SecureBlackbox: PDF Vulnerability Applicability



A recent analysis of several PDF signature vulnerabilities ( shows that many PDF viewers are susceptible to attacks. In particular, the authors highlight a false Amazon invoice reported as 'Document has not been modified since the signature was applied' by Adobe Acrobat DC.

SecureBlackbox is not vulnerable to these attacks. SecureBlackbox's secure, rock-solid components protect your documents from these attacks, as well as many others.

Most of the weaknesses of the PDF format are well known, and proper care has been taken to withstand all of them. Below, we briefly describe the attacks mentioned on the pdf-insecurity site and explain how SecureBlackbox addresses them.

PDF File Format

The PDF format supports incremental updates, where changes to the document are recorded as a set of modifications of the baseline revision. A document may contain a number of revisions with different creation times, separated by the %EOF trailer. While this is generally a handy feature, it introduces some complications to signature validation.

A PDF signature covers a certain revision of the document, and certifies only that revision. Each signature contains information about the byte range in the file it covers. However, nothing prevents someone from editing a signed document by utilizing the incremental update feature. If such modifications are made, the signature remains valid (as the revision it covers is intact), but the document may look completely different due to the changes made.

Therefore, a typical validating application should be aware of this feature and handle it in accordance with its use scenarios. In many situations, it would be enough to check if the last/only signature covers the whole document, and let the user know that a particular signature covers only a certain revision of the document - but not any succeeding changes. SecureBlackbox users can extract the signed version using the PDFVerifier component and calling the GetSignedVersion method.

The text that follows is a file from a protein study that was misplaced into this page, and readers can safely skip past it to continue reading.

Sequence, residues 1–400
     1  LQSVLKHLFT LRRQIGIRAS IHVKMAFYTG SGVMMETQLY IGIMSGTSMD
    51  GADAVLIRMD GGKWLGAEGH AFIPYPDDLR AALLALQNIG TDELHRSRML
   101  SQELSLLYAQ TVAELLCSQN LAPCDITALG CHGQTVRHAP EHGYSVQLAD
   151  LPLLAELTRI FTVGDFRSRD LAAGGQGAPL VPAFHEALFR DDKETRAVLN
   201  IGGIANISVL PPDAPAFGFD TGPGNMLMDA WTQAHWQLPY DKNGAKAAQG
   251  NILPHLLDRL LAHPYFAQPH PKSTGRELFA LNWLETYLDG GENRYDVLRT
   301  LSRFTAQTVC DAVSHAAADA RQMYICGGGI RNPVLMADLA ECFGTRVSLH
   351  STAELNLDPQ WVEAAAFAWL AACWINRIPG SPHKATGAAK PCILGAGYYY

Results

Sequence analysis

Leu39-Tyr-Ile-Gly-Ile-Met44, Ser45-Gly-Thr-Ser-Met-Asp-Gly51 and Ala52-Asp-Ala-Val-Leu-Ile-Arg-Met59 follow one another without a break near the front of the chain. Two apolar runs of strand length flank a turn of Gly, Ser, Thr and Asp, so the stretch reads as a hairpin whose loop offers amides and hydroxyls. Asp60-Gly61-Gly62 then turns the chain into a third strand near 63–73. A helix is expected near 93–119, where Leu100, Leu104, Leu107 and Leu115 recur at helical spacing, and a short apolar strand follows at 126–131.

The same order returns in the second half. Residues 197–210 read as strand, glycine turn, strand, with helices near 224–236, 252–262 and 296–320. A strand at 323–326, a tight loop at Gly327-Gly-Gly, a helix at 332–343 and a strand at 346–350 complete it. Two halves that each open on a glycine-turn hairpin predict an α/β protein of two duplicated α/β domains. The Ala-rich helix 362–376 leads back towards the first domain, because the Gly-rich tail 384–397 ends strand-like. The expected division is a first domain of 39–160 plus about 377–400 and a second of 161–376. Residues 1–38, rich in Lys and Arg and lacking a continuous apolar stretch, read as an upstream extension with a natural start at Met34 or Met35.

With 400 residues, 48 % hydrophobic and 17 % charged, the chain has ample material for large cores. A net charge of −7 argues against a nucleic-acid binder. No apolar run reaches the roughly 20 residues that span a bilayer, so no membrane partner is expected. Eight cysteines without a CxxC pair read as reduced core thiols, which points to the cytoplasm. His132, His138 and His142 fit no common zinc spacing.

Attacks Highlighted by 'pdf-insecurity'

  1. The Universal Signature Forgery (USF) attack attempts to corrupt the signature information in order to disable (at least some parts of) the verification process amid hopes the PDF viewer will treat the signature as valid. In SecureBlackbox, the corresponding byte ranges are validated in the GetSignedVersion method among primary checks of the signature. Any issues with signature contents and/or formatting are further verified by lower-level CMS and PKCS#7 components (which are not forgiving with regard to any signature format violations).
  2. The Incremental Saving Attack (ISA) introduces a new post-signature revision of the document via incremental updates. This is also mitigated within GetSignedVersion. Generally, a call to GetSignedVersion provides you the full signed copy of the document, cutting off anything besides the byte ranges, and making sure that the byte ranges cover the entire document apart from the signature body itself (exclusively). Any changes invalidating the integrity of the document, such as omitted trailer or xref tables, are detected when the document is loaded.
  3. The Signature Wrapping Attack (SWA) manipulates the document by changing the visual representation of the document (in a post-signed revision) and inserting false data (e.g., %EOF) in the signed revisions. This is also covered by byte range checks in GetSignedVersion. In this case, the body of the signature is not the only object excluded from the byte ranges, so the component will report this via an exception.

In addition to the described signature vulnerabilities, SecureBlackbox is protected from encryption attacks, as it processes encrypted documents passively (in terms of the pdf-insecurity authors, it lacks the 'exfiltration channel') - i.e., it does not process interactive forms or follow hyperlinks.

We appreciate your feedback.  If you have any questions, comments, or suggestions about this article please contact our support team at